The State of Illinois appealed from the lower court’s granting of three co-defendants’ motions to suppress contraband found following a dog sniff of their car. This fall, the Illinois Court of Appeals for the Second District held that the dog sniff violated the Fourth Amendment because the traffic stop was illegally prolonged. This case’s analysis of the Fourth Amendment is relevant to Illinois DUI law.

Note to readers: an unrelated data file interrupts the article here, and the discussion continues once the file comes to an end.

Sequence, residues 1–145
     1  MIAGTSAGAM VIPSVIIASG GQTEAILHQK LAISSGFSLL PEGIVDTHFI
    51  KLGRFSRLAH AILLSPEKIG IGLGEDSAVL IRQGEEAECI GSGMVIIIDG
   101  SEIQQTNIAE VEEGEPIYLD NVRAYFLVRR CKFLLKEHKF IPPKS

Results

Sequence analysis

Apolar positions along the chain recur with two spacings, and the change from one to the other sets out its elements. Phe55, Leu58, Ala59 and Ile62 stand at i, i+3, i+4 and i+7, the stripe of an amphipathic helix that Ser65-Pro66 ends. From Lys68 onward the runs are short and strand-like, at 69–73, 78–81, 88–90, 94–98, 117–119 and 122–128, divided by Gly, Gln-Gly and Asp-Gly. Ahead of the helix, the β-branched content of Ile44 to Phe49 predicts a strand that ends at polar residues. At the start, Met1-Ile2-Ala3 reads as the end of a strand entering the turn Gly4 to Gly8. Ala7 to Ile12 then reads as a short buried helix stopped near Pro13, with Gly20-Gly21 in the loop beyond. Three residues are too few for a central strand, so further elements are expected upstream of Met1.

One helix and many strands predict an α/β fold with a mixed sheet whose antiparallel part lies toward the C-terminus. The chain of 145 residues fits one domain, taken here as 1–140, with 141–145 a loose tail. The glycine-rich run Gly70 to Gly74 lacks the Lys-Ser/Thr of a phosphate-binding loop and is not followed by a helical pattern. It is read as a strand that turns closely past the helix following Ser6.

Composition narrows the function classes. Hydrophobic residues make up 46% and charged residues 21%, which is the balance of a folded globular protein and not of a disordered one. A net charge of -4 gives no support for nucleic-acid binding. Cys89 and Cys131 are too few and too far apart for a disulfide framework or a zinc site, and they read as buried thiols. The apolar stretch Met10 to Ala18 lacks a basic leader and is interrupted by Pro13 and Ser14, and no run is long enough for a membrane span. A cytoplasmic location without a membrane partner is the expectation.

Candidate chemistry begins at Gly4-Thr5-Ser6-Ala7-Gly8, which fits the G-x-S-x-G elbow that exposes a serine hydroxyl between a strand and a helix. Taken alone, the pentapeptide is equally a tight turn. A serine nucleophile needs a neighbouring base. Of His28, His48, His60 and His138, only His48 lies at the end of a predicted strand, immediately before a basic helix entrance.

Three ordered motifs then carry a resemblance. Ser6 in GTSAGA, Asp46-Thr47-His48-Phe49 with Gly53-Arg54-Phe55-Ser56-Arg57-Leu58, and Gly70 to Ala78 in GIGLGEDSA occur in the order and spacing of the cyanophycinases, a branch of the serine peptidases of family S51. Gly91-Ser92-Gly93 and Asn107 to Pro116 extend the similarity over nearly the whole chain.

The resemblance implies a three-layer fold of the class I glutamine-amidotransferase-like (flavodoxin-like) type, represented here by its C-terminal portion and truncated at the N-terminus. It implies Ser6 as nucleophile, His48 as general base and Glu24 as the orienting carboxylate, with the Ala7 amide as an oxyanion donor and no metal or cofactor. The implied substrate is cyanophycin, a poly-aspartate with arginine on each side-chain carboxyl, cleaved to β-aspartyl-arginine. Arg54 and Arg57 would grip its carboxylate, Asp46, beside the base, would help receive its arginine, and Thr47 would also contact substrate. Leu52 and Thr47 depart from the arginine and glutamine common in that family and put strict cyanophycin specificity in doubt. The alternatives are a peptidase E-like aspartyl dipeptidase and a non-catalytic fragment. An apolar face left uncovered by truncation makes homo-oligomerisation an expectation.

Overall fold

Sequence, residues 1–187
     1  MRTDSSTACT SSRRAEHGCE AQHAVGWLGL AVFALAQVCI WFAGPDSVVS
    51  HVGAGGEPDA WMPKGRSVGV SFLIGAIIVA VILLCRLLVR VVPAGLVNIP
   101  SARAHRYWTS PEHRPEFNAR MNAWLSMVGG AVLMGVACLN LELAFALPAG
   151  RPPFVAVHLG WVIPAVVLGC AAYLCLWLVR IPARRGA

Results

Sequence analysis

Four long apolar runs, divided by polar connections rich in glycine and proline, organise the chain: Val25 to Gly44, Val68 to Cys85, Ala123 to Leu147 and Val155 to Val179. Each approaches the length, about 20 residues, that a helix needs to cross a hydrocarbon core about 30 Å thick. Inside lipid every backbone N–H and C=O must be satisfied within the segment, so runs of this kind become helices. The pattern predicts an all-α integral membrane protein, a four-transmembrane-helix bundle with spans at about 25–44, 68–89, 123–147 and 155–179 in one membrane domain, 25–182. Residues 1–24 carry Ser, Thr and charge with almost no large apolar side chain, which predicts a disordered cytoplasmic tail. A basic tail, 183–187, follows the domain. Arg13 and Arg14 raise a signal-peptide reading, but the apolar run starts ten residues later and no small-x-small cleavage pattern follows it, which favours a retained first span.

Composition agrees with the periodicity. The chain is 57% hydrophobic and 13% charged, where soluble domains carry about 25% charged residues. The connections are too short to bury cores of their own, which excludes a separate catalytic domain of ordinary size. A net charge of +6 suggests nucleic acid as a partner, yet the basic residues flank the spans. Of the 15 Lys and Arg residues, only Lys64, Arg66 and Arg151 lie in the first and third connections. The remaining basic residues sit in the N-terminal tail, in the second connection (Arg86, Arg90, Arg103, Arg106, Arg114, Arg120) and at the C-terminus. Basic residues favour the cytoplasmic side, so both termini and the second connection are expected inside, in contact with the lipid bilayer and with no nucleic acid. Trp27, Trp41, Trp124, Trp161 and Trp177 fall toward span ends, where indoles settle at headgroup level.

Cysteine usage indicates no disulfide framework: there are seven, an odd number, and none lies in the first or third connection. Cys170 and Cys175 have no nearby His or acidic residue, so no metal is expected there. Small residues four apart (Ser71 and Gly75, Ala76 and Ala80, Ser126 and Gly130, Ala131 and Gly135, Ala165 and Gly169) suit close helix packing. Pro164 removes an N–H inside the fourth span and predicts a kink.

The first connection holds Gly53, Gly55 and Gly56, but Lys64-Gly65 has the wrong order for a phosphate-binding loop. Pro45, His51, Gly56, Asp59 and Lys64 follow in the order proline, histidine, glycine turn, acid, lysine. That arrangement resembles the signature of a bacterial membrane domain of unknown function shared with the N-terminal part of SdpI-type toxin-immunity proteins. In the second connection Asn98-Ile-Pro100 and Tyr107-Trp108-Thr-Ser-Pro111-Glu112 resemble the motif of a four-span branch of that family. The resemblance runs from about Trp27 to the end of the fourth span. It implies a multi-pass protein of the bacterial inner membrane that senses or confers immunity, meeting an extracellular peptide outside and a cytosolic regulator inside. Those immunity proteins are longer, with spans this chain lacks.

The three defendants were charged with armed violence, unlawful possession of heroin with the intent to deliver, and unlawful possession of heroin. The defendants moved to suppress the evidence seized from the car that defendant 1 drove and in which defendants 2 and 3 were passengers.
One afternoon in November 2015, an Illinois officer noticed a car with Minnesota license plates closely following a tractor-trailer. In addition, some of the car’s windows were tinted heavily. Thus, the officer effectuated a traffic stop.